Please send me SCA's fortnightly briefing:

December 18, 2013

Tiree aim for buy out

Many who live on Tiree had opposed Scottish Power’s proposal for a huge wind farm just off their west coast and will have been relieved at last week’s announcement that it had been pulled. But this is no NIMBY community – they want to see the island developed and have long been concerned at the lack of inward investment. The current owner is the Duke of Argyll but many residents have concluded that the island’s long term interests would be better served if ownership rested with those who actually live there. 


Third Force News - 22/11/13

Islanders on Tiree are considering a bid to buy the isle, most of which is owned by the Duke of Argyll.

The 20,000 acre island is mostly owned by the Duke’s Argyll Estates but islanders are concerned a lack of inward investment is leading to depopulation.

Inhabitants are also worried that plans for a massive offshore windfarm, which would occupy between four and five times the area of the entire island, could still go ahead despite previously fighting off plans for its construction.

Community campaigners are currently embarking on a feasibility study to see if Tiree, which lies west of Mull, can carve a future out of tourism, crofting and fishing should the buyout be successful.

A spokesman for the Tiree Community Development Trust said there were fears for the future of the community under current ownership.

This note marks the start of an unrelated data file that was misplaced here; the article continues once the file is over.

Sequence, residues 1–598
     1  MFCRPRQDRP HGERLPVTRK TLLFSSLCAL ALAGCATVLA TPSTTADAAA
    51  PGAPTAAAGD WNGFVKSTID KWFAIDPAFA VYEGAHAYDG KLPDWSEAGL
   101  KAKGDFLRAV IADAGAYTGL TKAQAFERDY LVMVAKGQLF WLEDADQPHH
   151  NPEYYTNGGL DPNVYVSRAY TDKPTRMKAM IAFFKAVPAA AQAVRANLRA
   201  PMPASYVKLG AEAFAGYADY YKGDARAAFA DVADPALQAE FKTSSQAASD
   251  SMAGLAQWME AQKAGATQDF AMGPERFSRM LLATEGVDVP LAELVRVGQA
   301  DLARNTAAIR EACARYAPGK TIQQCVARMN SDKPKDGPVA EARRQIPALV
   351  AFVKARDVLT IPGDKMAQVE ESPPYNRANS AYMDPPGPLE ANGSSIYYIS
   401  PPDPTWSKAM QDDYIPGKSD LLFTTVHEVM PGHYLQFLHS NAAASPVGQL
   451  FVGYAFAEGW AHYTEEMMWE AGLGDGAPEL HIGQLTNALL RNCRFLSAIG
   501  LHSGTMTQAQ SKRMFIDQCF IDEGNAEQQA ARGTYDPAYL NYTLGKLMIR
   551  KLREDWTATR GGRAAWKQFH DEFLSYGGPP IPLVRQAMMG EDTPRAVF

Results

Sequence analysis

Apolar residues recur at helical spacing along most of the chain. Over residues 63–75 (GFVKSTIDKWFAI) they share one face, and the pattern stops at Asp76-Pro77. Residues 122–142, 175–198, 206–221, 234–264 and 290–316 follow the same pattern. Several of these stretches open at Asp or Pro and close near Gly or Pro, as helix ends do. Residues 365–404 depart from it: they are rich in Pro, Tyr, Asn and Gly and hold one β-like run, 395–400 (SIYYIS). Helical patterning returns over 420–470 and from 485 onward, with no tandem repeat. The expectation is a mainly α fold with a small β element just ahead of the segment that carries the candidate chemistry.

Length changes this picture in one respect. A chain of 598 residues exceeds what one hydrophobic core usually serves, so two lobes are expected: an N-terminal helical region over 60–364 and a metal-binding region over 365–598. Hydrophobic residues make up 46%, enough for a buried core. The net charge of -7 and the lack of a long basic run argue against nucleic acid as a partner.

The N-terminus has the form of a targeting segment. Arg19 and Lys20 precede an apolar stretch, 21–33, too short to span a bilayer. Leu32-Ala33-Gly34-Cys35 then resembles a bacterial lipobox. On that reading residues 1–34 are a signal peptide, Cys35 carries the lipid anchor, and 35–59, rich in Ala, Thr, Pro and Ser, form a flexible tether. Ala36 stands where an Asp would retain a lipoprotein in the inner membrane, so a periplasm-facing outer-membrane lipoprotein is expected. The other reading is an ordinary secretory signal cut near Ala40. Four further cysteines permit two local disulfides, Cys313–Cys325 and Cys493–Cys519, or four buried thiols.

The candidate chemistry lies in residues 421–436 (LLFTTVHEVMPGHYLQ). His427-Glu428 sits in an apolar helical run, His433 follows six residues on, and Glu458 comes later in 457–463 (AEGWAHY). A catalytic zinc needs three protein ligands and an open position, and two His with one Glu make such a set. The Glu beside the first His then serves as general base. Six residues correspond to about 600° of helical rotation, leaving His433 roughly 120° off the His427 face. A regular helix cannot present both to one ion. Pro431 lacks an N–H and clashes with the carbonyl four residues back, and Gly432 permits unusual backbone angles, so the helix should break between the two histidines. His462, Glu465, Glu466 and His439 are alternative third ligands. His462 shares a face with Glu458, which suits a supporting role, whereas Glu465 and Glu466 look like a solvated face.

“We don’t think the duke is a bad landlord; it’s just Tiree has a community that wants more say in the island’s development.

“We have ambitious plans we’re interested in developing but we’ve no idea how much cash or effort will be involved. The will, however, is there.”

Andrew Montgomery, factor of Argyll Estates and a spokesman for Torquhil Campbell, the Duke of Argyll, has indicated opposition to a full community buyout.

He said: “I don’t think there is too much support for the proposal. I have spoken to a number of people who would be against it for one reason or another.

“The duke has a great fondness for Tiree and they go over every year for their holidays. It’s not a flat-out no, but there’s reasons for and against on both sides I think. It’s something we need to look at further.”

It comes as plans for extending the community right to buy in Scotland to places with populations of more than 10,000 people are being considered under a public consultation.

The Community Empowerment (Scotland) Bill, which is open for consultation until 24 January, proposes extending the community right to buy outwith current legislation.

At present it only allows communities with a population of less than 10,000 to apply for the opportunity to buy land when it comes up for sale.

Proposals contained in the consultation also ask for opinions on a compulsory power for communities to buy neglected or abandoned land without waiting for it to be put on the market.

And the document suggests that Scottish charitable incorporated organisations should be able to register a community interest in land, which currently only companies limited by guarantee are able to do.

The Scottish Government hopes the proposed changes will help it achieve its target of transferring one million acres of land into community ownership by 2020, which was announced in June by Alex Salmond.

Derek Mackay, Scottish local government and planning minister, said: “The bill will help community groups to take over public land and buildings where they think they can make better use of them than their current public sector owners.

“It will also reform the community right to buy, giving urban communities in Scotland the same rights as rural communities, where it is in the public interest.”